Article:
Ettihad Cultural Center fosters community, welcomes all cultures

Amarah Khan, ECC facility supervisor, speaks to ECC members. The ECC hosts several events throughout the year. 

The Baro Staff

Oregon State University’s Ettihad Cultural Resource Center works to highlight the rich culture of southern, southwestern and central Asia, as well as northern Africa, by developing programs that increase the visibility of students with ancestors from this region, according to Dr. Amarah Khan. Khan serves as the faculty supervisor of the ECC and is also the Associate Director for Global Diversity Initiatives in OSU’s Department of Diversity and Cultural Engagement, which oversees all campus Cultural Resource Centers.

“I come from a long career in promoting diversity at the international level. I worked with various international aid agencies to develop gender-based equity programs in rural communities,” Khan said. “My own identity as an immigrant and an international student drew me into working for one of the key diversity and inclusion efforts on campus.”

This commitment to inclusion and diversity is reflected in the name of the center itself, which means ‘unity’ and has roots in multiple languages from the region: Arabic, Farsi, Urdu and Hebrew, according to Khan. Extending beyond cultural community-building, the ECC (located in Student Experience Center room 380) is also an academic resource for both international and domestic students, according to the ECC website.

While some on campus think of the ECC as a Muslim-only center, Khan explained this is a misconception.

“While the geographic representation is central to our mission, we include and welcome all cultures and identities regardless of what faith an individual practices,” Khan said. “There are a lot of members of our community who are born in the U.S. but take pride in their heritage elsewhere too.”

One of these proud community members is Khawater Hussein—an Oregon-born Yemeni American, second year undergraduate student in pre-mechanical engineering and one of two Leadership Liaisons at the ECC this year. Hussein began her time at the center as a Volunteer Coordinator winter term last year, because she wanted to find a sense of community with others who shared similar cultural norms.

“I have been able to find constructive and effective ways to bridge the divide between my cultures personally, and I would like to help my community members find a sense of belonging and find opportunities that are open to them to make their lives easier,” Hussein said. “Our team does this in tandem with encouraging the rest of the OSU community to learn about our culture and see us as humans with many, many narratives instead of as a poorly written scary headline.”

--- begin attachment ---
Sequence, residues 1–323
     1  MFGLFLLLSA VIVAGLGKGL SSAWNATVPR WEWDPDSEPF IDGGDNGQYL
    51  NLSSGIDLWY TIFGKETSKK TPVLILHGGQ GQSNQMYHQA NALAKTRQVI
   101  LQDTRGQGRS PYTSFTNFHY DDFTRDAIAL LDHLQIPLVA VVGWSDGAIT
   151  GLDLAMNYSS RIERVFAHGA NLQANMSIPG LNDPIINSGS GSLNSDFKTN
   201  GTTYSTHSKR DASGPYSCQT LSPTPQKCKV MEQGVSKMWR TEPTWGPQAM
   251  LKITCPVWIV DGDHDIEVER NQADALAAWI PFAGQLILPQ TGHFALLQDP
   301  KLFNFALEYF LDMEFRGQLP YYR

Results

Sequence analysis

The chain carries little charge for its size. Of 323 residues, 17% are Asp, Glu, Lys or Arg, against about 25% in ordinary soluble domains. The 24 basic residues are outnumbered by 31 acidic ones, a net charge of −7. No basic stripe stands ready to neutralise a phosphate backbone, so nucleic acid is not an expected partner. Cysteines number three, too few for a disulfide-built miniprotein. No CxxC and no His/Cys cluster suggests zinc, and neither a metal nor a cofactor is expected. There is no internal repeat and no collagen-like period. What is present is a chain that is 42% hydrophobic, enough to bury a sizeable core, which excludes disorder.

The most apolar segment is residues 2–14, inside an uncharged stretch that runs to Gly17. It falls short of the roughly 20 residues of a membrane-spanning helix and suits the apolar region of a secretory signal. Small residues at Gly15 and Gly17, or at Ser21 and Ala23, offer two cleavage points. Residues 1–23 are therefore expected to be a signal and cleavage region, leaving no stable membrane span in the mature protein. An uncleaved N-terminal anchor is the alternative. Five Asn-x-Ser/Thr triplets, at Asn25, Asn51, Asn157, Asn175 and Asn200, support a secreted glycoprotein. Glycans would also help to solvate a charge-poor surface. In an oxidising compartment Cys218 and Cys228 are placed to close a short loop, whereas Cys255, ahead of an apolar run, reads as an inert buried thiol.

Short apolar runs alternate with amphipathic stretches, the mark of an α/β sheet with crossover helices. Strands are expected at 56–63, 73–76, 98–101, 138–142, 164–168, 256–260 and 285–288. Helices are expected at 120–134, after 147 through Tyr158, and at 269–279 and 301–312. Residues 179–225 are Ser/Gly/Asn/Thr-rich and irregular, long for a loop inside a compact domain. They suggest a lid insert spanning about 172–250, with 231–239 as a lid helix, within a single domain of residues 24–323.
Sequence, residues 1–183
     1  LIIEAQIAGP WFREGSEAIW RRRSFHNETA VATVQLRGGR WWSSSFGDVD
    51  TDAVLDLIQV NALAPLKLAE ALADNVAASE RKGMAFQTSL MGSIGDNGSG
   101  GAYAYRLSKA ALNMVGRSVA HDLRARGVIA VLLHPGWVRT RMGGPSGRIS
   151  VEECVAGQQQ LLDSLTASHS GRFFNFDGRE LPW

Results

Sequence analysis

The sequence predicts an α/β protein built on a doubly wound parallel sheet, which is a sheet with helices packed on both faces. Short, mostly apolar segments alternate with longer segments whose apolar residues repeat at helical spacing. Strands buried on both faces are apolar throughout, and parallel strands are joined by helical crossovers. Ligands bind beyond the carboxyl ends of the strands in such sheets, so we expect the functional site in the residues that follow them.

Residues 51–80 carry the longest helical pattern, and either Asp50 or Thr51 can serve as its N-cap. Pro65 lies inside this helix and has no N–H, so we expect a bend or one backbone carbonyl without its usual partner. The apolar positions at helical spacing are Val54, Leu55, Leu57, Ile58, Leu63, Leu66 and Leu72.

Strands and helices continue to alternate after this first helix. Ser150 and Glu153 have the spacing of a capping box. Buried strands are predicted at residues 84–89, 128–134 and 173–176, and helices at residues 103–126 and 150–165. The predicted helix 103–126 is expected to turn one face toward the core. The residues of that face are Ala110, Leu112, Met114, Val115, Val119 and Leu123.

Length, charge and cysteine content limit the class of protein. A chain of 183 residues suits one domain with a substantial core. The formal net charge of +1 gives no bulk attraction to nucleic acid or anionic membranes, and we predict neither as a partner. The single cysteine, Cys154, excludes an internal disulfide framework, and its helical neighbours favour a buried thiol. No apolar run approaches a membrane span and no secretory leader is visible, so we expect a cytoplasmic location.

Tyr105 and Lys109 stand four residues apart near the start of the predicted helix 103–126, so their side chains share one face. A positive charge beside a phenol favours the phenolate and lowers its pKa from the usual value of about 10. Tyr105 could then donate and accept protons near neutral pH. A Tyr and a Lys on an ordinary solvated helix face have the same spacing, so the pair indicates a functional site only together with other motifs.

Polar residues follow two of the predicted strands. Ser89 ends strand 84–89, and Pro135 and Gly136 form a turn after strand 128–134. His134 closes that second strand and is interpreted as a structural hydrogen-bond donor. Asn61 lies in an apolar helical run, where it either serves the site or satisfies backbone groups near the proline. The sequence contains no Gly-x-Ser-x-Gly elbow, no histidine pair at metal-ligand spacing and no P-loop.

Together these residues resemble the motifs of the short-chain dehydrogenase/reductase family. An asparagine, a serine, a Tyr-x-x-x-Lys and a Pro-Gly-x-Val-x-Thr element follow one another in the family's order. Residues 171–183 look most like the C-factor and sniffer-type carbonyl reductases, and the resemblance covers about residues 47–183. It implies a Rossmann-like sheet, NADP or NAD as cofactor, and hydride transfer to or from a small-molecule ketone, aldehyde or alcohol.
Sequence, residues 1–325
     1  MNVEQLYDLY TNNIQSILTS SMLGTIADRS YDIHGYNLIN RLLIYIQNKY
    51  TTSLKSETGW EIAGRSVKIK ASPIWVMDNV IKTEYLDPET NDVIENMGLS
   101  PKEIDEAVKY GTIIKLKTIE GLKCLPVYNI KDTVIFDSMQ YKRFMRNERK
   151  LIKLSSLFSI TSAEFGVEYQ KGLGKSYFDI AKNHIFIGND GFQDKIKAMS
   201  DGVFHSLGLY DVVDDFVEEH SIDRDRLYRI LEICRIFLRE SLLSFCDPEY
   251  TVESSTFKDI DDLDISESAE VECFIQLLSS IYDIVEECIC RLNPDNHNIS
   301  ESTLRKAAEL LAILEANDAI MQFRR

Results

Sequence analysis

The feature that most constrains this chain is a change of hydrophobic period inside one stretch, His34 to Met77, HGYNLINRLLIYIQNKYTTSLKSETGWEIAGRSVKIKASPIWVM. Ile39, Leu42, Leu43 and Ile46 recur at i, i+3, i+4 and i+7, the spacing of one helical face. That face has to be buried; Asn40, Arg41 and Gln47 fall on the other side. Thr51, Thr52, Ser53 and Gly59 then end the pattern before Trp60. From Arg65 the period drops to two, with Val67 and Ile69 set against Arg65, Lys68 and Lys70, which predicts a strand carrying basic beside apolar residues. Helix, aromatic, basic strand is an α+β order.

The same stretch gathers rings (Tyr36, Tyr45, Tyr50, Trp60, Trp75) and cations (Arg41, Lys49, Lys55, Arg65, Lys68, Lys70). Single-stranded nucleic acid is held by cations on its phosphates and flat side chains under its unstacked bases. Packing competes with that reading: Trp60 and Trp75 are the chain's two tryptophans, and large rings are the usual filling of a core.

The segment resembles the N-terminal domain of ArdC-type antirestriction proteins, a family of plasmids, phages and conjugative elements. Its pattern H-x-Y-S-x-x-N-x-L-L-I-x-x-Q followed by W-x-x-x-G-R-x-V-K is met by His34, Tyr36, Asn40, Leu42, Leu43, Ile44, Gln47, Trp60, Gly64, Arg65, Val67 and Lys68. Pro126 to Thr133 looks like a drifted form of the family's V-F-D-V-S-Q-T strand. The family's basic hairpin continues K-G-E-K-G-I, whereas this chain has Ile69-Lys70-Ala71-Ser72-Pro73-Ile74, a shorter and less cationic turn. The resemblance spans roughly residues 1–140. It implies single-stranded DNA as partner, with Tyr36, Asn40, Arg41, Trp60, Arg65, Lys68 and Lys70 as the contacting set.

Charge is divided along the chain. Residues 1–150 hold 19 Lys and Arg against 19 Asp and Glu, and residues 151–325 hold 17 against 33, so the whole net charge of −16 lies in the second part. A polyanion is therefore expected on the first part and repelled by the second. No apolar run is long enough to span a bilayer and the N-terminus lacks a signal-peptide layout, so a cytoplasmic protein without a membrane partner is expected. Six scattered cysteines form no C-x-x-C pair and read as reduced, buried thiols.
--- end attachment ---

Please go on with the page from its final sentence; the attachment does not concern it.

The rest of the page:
The ECC broadens their reach to the greater OSU community through a number of events held throughout the year. According to Erich Pitcher, the Associate Director for Research and Communication, one of the most well-known events is the spring Ettihad Cultural Festival.

“This is an event that shares cultural traditions and creates community amongst the nations and peoples represented throughout the Ettihad region,” Pitcher said. “Dance, music, food all bring people together.”

Pitcher encouraged those interested in learning more to stop by the center. This is a space for dialogue and a way to express our shared OSU values of keeping an open mind and having a willingness to listen.

“ECC is a cozy, welcoming space with friendly faces. There are couches, hot tea and amazing dialogue ranging from the mundane to the current events,” Pitcher said. “ECC is a space for connection, unity and mutual learning.”

According to Khan, any student can make minorities feel welcome by visiting ECC, as well as the other six CRCs on campus, and offering time and friendship.

“Take the time to learn about minority identities on campus and value their history, their struggles and embrace them in unity,” Khan said. “A little bit goes a long ways and you will find your outreach efforts reciprocated by the student leaders at DCE.”

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